Setting the Record Straight
Can the kidney community make it safer for patients to self-dialyze? Debbie Brouwer Maier, a hemodialysis nurse and long-time Transonic employee, says the issue is deeper than it looks. When Debbie says a topic merits discussion, we sit up and listen, because overstatement does not apply to Debbie’s credentials. She recently testified for a Congressional Hill briefing about hemodialysis VND and ABLS risk, if that tells you anything…
In truth, this query has been rumbling around for a while, and it’s pulling a storm across the hemodialysis horizon. It has put some clinicians at odds with patients, kept insurance agents awake at night, and called enough government regulations into question that the FDA has weighed in. The waters have been muddied further by the financial momentum of facility-based dialysis, and as with any subject that involves big money and big corporations, an unbiased opinion can be elusive. Fortunately, at Transonic, we have Debbie to set the record straight. In a recent phone call with the Editor, Debbie explained that many nephrologists are hesitating, and for good reasons.
Hemodialysis has been engineered as a two-person process, i.e., the machines are designed to be operated by someone who has unencumbered, standing access to the device, not by someone sitting in an easy chair, partially immobilized by a needle in their arm. The needle itself poses more problems. If the patient isn’t at a facility, who is going to insert it? The patient has only one available hand. The same applies for removal. To extract their own needle, a patient must perform an awkward “press-with-one-hand-while-sliding-the-other” maneuver. Taping the needle securely adds another layer of complication.
But the patients argue back. They claim they’re more comfortable in their own home, and who would disagree? More importantly, they insist they feel safer at home because they are safer. We all know that dialysis staff are well-meaning, but that they are also overworked. Why, patients ask, should they place their life in the hands of a person who is trying to care for twenty other patients at the same time? Should their treatment only receive 5% of someone else’s attention when it could receive 100% of their own or their care partner’s? Ironically, COVID casts its vote with the patients, since they are far less likely to be infected in their own house than in a packed clinic.
But many nephrologists don’t agree. Dialysis is a draining procedure (no pun intended) and patients often fall asleep during treatment. So, what happens when a sleeping patient accidentally dislodges their own needle? (This occurs with alarming regularity.) The patient’s precious lifeblood drains out at such a rate that even a trained clinician would have only 1-3 minutes to save the patient’s life. Even if a home-patient did awaken, say, at minute 2, they would not have the equipment, nor at that point of blood loss, perhaps even the cognizance to help themselves.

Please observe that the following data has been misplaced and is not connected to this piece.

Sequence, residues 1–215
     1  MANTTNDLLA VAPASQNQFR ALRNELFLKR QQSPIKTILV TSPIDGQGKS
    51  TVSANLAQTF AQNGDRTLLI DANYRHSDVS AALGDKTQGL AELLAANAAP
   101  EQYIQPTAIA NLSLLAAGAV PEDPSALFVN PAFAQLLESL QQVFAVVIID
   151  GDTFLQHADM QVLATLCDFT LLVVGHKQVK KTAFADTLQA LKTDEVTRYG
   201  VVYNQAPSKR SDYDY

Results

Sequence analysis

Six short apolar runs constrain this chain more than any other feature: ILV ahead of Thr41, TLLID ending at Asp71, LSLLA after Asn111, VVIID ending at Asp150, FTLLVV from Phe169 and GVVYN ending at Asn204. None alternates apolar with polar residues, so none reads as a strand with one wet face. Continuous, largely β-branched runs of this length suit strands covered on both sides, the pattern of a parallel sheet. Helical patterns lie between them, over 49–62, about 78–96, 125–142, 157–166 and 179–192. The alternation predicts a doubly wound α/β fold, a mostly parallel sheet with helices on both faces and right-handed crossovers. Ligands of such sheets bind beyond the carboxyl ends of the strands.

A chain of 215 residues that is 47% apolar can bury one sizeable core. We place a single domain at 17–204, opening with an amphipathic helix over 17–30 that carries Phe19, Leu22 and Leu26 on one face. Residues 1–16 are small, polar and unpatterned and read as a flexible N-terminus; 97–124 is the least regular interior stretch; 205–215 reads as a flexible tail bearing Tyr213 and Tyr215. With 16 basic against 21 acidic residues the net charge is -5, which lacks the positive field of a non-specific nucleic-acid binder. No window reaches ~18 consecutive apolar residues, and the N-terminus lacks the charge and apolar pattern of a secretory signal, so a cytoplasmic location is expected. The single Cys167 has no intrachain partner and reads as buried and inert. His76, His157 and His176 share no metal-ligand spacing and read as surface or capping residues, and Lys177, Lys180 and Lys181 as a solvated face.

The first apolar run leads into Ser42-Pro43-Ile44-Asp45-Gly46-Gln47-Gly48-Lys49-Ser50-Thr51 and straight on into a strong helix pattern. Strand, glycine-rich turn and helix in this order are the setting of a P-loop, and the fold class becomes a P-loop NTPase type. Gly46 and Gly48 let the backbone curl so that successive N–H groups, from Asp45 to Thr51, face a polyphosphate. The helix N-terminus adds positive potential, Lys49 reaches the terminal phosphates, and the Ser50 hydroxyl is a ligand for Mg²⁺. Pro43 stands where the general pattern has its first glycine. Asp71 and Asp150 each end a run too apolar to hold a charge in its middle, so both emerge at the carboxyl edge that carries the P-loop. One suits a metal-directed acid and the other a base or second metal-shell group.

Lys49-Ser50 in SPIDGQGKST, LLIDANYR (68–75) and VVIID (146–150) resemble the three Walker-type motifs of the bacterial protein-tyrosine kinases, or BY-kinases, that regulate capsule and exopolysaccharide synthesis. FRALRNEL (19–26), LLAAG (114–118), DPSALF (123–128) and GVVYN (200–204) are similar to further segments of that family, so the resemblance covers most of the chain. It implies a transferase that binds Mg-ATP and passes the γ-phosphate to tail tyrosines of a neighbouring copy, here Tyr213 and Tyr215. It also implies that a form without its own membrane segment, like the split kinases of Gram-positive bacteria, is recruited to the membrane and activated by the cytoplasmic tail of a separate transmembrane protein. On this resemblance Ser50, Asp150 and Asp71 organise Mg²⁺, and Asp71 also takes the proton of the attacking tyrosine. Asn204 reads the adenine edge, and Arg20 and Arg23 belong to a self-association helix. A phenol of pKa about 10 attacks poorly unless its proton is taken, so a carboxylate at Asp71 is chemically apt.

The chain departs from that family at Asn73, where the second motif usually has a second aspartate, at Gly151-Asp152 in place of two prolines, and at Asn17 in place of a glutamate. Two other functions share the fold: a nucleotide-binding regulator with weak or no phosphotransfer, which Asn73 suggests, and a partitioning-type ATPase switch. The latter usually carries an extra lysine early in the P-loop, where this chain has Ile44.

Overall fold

And with that thought, Debbie brought us to the crux of the matter: Venous Needle Disconnect. Broadly, a hemodialysis machine has two “sides:” arterial (withdraw) and venous (infusion). If the arterial needle dislodges, air will be pulled into the lines, causing them to collapse, which in turn causes a pressure change. Even if the pressure monitor doesn’t respond, the air won’t pass the detector before the machine automatically shuts down.
The venous side, however, operates under positive pressure, so if the needle dislodges, no air is inducted to set off the alarm. Furthermore, the needle has to land somewhere (the patient’s clothing, a blanket, the chair) which usually creates additional resistance. In short, the resulting change in pressure is so miniscule that if the monitor were set up to detect it, the alarm would sound every time the patient squirmed.
“Fortunately,” Debbie concluded, “Pressure isn’t the only metric.” When a venous needle dislodges, there is a brief moment of low-restriction flow before it lands. We all know a company that specializes in cutting-edge flow-measurement equipment. A Transonic flow sensor, built into a hemodialysis machine, could shut down the pump the moment the needle slips free. With the right OEM partner, Transonic’s technology could relieve doctor’s worries about exsanguination, allow patients to return home, let insurance agents rest easy, and assure the FDA that patients are being properly safeguarded.
And in modern medicine, a solution that pleases everyone is a minor miracle.
But that’s what we do at Transonic.